Bradley Cooper was Oscar nominated for his bi-polar role in Silver Linings Playbook, and both movies pay some attention to the challenges faced by families. Carla’s parents are played by Christine Lahti and Bruce Altman, while Griffin Dunne is Marco’s dad. The best intentions often fail miserably, leaving all parties feeling frustrated and emotionally distraught. The movie seems to make the argument that medication is the only real hope if a sufferer wants to live anything approaching a normal life, and it’s Ms. Jamison’s stated contention that medication will neither change the personality nor negatively impact creativity.
Katie Holmes offers up her best work since Pieces of Aprilin 2000. Of course, there was a “marriage” mixed in there that stomped down her career. This role reminds that she is capable of finding the core of a deep character. Welcome back. Spike Lee is listed as a Producer here, and Mr. Dalio says Lee, who was his NYU Film School professor, encouraged him to explore this facet of his affliction. Dalio’s wife Kristina Nikolova shared cinematographer duties with Alexander Stanishev.
The film, previously entitled “Mania Days”, does a nice job of showing us the extremism involved with being bi-polar, as well as the challenges that come from being part of the medical field or familial support staff.
Greetings again from the darkness. We have watched Sarah Polley grow up on screen. She began as a 6 year old child actress and evolved into an indie film favorite. Now, she is finding her true voice as a film director … and what a unique voice it is. In Away from Her(2009), she told the heartbreaking story of a husband’s struggle with losing his beloved wife to Alzheimer’s Disease. Now we get the story of Margot, who just can’t seem to find happiness or fulfillment within the stability of marriage.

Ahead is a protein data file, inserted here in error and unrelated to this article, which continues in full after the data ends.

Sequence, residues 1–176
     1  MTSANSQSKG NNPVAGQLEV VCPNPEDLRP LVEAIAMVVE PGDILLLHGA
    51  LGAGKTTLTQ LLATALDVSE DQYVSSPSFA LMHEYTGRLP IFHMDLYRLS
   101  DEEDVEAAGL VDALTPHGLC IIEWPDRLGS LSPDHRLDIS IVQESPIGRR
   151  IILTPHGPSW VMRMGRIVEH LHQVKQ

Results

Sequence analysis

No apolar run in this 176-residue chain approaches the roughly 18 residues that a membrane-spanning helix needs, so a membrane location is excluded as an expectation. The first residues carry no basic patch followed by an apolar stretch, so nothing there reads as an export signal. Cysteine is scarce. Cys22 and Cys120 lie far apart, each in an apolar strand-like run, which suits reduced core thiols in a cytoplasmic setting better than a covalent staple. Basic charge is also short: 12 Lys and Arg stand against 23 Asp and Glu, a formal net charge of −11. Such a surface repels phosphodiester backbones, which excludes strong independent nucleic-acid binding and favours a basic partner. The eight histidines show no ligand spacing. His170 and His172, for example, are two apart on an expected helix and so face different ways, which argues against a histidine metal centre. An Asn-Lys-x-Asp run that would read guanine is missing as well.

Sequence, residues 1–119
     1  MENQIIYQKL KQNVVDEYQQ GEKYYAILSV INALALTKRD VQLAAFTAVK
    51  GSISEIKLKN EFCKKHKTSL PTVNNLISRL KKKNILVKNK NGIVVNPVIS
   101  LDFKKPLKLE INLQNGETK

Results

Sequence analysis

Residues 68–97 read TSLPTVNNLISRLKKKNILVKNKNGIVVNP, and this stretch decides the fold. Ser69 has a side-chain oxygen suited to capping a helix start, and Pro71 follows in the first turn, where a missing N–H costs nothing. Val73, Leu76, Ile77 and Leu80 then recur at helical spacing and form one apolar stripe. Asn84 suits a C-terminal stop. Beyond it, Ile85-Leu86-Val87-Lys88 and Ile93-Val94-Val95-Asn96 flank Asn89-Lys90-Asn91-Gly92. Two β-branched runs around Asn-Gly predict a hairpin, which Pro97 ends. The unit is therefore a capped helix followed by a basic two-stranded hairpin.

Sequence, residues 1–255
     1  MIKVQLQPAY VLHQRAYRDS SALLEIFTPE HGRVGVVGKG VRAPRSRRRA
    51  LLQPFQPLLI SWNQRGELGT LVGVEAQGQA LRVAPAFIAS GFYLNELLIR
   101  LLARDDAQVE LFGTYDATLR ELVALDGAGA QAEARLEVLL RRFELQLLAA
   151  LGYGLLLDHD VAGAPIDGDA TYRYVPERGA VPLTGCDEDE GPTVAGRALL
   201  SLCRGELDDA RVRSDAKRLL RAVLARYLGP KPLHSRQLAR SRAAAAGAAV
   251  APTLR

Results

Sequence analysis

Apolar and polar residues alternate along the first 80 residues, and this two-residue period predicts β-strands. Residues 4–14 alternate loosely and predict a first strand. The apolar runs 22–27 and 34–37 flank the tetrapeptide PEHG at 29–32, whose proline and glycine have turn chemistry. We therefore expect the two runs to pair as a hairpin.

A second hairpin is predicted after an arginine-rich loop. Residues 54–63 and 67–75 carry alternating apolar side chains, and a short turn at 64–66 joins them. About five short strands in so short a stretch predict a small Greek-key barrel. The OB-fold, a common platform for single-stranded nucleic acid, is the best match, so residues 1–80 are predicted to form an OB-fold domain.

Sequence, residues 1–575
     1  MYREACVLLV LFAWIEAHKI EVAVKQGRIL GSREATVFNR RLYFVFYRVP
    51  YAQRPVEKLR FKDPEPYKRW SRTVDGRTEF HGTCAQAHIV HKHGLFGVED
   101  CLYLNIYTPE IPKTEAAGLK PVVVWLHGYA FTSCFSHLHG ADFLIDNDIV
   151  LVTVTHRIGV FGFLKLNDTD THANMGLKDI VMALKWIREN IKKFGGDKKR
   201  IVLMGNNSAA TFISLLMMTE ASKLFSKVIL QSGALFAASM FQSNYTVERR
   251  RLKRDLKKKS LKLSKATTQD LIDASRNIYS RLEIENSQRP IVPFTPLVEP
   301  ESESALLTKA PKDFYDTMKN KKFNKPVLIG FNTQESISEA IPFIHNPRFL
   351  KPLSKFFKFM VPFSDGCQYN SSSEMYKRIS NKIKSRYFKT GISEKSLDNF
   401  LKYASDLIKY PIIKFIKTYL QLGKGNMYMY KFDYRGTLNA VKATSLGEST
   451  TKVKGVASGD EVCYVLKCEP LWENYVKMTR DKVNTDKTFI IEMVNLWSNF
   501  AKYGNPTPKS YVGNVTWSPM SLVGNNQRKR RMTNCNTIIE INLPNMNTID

Margot is played exceedingly well by Michelle Williams. I would say that without the casting of Ms. Williams, this film would probably not have worked. There is something about her that prevents us from turning on her character when she veers from her loyal, if a bit lacking in passion, husband Lou (played by Seth Rogen). Williams and Rogen have the little things that a marriage needs … a language until itself and the comfort of consistency. What Margot misses is the magic. She thinks she finds that in her neighbor Daniel, a rickshaw driver played by Luke Kirby. Daniel is the type that every guy inherently knows not to trust, yet women somehow fall for. He is a subtle and slow seducer. The kind that makes it seem like everything is innocent … right up until it isn’t.
Margot has that most annoying of spousal traits: she expects everyday to be like a trip to Disneyland. The best scene in the movie occurs when Lou’s sister (a terrific Sarah Silverman) confronts Margot and tells her that life has a gap and that you will go crazy trying to fill it. It’s a wonderfully insightful line from writer/director Polley. Of course, we understand that this is Margot’s nature and she learns that sometimes broken things can’t be fixed.
Another great scene occurs in the women’s locker room after water aerobics. There is a juxtaposition between generations of older women and younger ones. We see the differences not only in physical bodies, but in the wisdom that comes with age. More brilliance from the script. The one scene that I thought crossed the line was the “martini” scene. I found it tasteless, vulgar and far more extreme than what was called for at the time. But that’s a small complaint for an otherwise stellar script.
As terrific as Ms. Williams and Ms. Silverman are, I found Seth Rogen to be miscast and quite unbelievable as a dedicated cookbook-writing guy who has pretty simple, yet quietly deep thoughts about how a marriage should work. Again, this didn’t ruin the film for me, but I did find him distracting and quite an odd choice.
It’s filmmakers like Sarah Polley that keep the movie business evolving. Her viewpoint and thoughts are unique and inspirational, and should lead to a long career as a meaningful writer/director. Oh, and the use of Leonard Cohen‘s “Take this Waltz” song fit right in over the credits.
SEE THIS MOVIE IF: you are a fan of intimate indie films OR you want to follow the career build of Sarah Polley
SKIP THIS MOVIE IF: you prefer light-hearted Rom-Coms to thought-provoking relationship insights